When equity and debt-based crowdfunding platforms were launched in the market, there were concerns that these vehicles could be used for money laundering. After all, investors could unknowingly fund a fraudulent company and the money could end up being misused by the issuers for their personal gain or, even worse, to fund criminal activities.
The Securities Commission Malaysia (SC) introduced a legal and regulatory framework for equity crowdfunding (ECF) in 2015 and peer-to-peer (P2P) financing last year to address these concerns. According to the SC’s deputy general manager Tengku Ahmad Ruzhuar Tengku Ali, the regulator views money-laundering activities to be of minimal risk on ECF and P2P platforms due to the safeguards built into their frameworks and the platform operators’ vetting process.
“We have implemented stringent requirements for ECF and P2P operators when it comes to conducting anti-money laundering (AML) checks and monitoring. In fact, the operators are doing a lot more work,” he said at the 9th International Conference on Financial Crime and Terrorism Financing 2017.
“They have to oversee both sides — screening the prospective issuers coming onto their platforms as well as the investors. So, these are quite onerous requirements for them. From this perspective, the risk of money laundering has been mitigated.”
There have been several cases of fraud linked to investment crowdfunding. The first widely known case, involving US-based Ascenergy, came to light in 2015. The company had raised US$5 million from about 90 local and foreign investors by leveraging some of the better known crowdfunding platforms such as Fundable and EquityNet.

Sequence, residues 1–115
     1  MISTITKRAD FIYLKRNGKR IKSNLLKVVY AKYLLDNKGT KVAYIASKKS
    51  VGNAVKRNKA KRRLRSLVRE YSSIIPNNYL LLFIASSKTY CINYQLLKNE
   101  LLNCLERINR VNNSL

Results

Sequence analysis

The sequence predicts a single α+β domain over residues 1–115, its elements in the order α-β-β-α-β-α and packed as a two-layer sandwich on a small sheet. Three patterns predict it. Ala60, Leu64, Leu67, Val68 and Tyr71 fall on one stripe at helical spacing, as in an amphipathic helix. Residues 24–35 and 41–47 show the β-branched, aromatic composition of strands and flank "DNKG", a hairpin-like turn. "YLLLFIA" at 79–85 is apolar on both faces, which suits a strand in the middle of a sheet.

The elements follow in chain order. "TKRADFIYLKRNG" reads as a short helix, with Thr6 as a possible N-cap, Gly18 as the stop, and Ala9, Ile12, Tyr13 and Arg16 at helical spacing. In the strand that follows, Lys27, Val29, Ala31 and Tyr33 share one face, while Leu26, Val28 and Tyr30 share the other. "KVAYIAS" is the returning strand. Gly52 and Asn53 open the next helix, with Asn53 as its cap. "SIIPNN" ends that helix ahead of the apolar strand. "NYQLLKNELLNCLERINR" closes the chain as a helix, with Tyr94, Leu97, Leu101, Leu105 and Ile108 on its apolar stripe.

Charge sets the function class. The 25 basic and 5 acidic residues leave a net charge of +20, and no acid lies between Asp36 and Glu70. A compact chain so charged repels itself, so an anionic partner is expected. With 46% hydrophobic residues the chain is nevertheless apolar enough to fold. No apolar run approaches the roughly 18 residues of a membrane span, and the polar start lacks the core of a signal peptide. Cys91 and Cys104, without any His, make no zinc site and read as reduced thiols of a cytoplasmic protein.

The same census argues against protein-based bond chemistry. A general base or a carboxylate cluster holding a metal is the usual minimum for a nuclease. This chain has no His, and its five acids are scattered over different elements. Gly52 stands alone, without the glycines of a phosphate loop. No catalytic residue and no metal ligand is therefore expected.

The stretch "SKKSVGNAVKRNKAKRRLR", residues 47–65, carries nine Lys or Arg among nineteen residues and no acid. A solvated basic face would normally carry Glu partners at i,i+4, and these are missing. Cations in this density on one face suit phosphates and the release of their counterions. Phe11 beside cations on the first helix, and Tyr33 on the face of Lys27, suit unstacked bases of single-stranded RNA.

According to the US Securities and Exchange Commission (SEC), the money raised on the platforms was supposed to be spent on oil and gas operations — the objective of the fundraising exercise. However, the founder had used most of the funds for things such as overseas trips, dining, dietary supplements and personal care products. Some US$1.2 million had been reportedly siphoned off before the SEC took action.
Meanwhile, the largest case of fraud involving P2P lending took place in China and was uncovered in February last year. The online scam, which has been dubbed the Ezubao Ponzi scheme, raised US$7.6 billion from about 900,000 investors. When it was reported that more than 95% of the projects on the platform were fake, 26 people running the operations were arrested.
The Chinese media reported that the funds had been used for lavish expenditures. Some of the arrested individuals were also charged with the smuggling of precious metals and the possession of illegal weapons. A court sentenced two men to life imprisonment and 24 others to terms ranging from three to 15 years.
The SC’s approach
All six ECF operators registered in Malaysia are operational. According to Tengku Ahmad Ruzhuar, 31 issuers had successfully raised RM18.3 million on ECF platforms as at end-September, reaching 80% of their target amount.
Meanwhile, four of the six P2P operators registered with the SC have gone live. The other two are expected to commence operations by the end of this year. As at end-September, there had been 19 successful P2P campaigns, with RM8.7 million raised.
“From the SC’s perspective, this is a segment that needs attention. These are in fact underserved small and medium enterprises that do not have the track record to be listed on the stock exchange or to secure financing from banks. However, as a regulator, we have the Financial Action Task Force requirements to do our assessments,” says Tengku Ahmad Ruzhuar.